Even in train-happy California, high-speed rail is having a tough go of it. Last week, the state's Supreme Court ordered a federal appeals court to review a Sacramento judge's ruling that the state cannot go forward with its plan to sell $8.6 billion in voter-approved bonds for a 520-mile bullet train linking the northern and southern parts of the state. The total cost of the project is $68 billion.
Gov. Jerry Brown said the inability to move forward, courtesy of the judicial system, "cripples the government's ability to function." The legal challenges to the project could cause indefinite delays.
At issue is the state's ability to prove that it can fully finance the first section of the rail line, which the law says it must do before it can begin selling bonds. Superior Court Judge Michael Kenny ruled last year that the state had failed to comply with that requirement. In November, it was still $25 billion short of its goal.
The cost-benefit analysis that goes into high-speed rail has always been a stumbling block for bullet trains. It's really expensive to get them going, and the economic benefits are hard to gauge because they come way down the line.
It was the long-term nature of the investment that got the Obama administration's high-speed rail initiative in trouble with Congress. Most of the $8 billion allotted for high-speed rail in the economic stimulus package went to existing routes or project planning. Then congressional appropriators refused Obama's $53 billion request for a 25-year high-speed rail project. After that the effort pretty much died.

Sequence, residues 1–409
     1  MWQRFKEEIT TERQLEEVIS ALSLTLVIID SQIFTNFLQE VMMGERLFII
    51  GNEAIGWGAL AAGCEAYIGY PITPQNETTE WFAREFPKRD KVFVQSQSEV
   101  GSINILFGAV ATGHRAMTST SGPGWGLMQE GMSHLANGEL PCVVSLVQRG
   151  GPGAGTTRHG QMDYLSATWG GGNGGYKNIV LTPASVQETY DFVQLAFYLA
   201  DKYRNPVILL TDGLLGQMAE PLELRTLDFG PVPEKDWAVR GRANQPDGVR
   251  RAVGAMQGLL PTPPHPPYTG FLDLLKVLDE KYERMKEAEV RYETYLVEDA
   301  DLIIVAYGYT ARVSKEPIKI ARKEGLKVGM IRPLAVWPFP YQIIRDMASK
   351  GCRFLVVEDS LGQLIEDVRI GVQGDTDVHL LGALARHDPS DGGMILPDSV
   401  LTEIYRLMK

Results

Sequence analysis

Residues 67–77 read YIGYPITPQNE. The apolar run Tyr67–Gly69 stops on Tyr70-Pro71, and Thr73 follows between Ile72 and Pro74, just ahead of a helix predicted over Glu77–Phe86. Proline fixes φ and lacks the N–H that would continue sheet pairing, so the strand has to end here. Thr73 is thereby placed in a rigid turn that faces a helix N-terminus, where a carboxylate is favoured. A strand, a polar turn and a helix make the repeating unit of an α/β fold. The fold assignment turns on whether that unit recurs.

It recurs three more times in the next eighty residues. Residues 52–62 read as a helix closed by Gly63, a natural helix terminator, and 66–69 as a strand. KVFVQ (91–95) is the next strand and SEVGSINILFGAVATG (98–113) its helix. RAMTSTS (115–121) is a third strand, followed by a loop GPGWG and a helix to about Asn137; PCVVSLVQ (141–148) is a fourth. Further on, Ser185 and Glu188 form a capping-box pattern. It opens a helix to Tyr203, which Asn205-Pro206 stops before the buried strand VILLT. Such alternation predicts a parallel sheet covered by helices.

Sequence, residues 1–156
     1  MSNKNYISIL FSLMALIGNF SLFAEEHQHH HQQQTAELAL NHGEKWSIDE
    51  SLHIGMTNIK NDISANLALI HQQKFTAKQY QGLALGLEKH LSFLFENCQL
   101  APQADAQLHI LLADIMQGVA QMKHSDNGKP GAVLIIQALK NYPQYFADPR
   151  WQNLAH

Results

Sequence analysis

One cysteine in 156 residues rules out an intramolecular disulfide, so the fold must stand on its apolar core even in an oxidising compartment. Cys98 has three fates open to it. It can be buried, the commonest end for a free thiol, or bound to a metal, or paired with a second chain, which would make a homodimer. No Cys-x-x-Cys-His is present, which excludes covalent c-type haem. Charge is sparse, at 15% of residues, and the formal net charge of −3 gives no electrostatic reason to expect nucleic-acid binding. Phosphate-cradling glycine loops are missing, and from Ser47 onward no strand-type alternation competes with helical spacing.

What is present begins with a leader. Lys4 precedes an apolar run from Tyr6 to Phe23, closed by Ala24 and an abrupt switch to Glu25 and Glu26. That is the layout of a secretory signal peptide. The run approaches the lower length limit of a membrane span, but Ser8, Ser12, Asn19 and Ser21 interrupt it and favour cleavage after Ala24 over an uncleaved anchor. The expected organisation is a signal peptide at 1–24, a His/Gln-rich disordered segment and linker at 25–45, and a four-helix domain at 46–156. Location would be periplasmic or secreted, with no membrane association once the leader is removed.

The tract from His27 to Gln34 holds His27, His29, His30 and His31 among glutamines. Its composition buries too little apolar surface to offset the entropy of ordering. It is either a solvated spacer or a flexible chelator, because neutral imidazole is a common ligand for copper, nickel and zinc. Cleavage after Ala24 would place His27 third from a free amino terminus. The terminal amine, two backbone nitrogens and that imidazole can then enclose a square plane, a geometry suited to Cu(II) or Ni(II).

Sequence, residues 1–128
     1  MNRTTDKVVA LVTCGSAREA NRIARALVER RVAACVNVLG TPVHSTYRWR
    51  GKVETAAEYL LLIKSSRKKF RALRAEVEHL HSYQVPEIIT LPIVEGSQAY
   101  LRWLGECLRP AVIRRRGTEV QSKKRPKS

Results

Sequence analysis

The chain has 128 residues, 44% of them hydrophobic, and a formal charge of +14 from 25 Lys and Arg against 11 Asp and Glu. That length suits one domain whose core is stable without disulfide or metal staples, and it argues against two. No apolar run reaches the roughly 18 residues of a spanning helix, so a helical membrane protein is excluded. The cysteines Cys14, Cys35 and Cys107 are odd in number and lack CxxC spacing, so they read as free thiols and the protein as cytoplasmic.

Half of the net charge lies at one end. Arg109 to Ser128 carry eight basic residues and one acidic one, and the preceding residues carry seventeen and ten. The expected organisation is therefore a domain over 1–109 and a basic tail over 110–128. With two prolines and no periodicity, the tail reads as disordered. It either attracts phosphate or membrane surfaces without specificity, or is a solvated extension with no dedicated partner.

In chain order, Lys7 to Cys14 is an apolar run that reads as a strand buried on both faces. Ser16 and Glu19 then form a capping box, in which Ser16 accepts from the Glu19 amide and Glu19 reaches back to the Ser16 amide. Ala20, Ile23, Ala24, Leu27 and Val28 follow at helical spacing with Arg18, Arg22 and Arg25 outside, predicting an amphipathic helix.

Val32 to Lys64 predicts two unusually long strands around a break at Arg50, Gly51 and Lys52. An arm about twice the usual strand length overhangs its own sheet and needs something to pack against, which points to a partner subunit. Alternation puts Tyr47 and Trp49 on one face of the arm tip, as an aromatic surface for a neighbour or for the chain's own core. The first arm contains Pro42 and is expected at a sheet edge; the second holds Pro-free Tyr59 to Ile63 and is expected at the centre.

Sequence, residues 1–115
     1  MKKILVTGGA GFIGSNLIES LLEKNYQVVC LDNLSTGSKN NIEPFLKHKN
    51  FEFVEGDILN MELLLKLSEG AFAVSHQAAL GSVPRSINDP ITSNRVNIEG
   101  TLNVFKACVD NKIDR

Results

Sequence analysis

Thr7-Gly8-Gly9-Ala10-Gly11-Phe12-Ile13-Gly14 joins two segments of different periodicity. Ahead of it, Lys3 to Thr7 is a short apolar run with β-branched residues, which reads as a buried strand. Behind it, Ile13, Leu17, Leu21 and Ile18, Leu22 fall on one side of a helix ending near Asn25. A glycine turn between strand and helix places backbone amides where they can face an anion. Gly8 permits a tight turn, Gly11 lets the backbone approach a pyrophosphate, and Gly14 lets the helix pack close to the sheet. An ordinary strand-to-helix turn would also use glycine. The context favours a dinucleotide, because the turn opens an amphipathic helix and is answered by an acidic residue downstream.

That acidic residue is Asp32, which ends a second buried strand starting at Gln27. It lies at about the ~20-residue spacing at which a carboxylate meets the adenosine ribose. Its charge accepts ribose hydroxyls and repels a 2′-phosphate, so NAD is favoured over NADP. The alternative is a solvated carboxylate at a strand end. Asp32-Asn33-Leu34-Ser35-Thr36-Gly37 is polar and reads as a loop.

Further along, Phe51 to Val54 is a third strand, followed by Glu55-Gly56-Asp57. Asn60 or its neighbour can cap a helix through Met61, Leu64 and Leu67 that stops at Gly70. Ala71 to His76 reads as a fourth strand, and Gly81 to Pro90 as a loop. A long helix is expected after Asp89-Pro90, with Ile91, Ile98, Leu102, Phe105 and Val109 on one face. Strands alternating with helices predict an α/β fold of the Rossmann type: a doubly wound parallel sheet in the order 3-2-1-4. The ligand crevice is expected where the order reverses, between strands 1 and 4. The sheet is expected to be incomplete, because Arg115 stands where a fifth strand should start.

Here's a great example of this problem. This recent write-up of a report from the Federal Railroad Administration shows that travelers get small tangible benefits from huge investments in high-speed rail throughout New York State. Doing nothing gives New Yorkers a nine-hour trip from New York City to Niagara Falls, according to the analysis. Spending $5 to $6 billion would decrease the trip time to seven-and-a-half hours. Another $8 billion reduces the travel time to six hours.
It's easy to see how budget hawks and taxpayers might be skeptical that a few hours is worth $5 to $8 billion.
For our insiders: What is the future of high-speed rail? Why is the investment such a difficult sell for policymakers? What would it take to jump-start high-speed rail in any area in the country? Are the upstart investments the biggest impediment to a serious high-speed rail network? What else are we missing? Is "regular" passenger rail an appropriate alternative?
(Note: This blog is a moderated discussion on transportation issues. Comments are approved on a case-by-case basis. Contact me if you want to be a regular contributor.)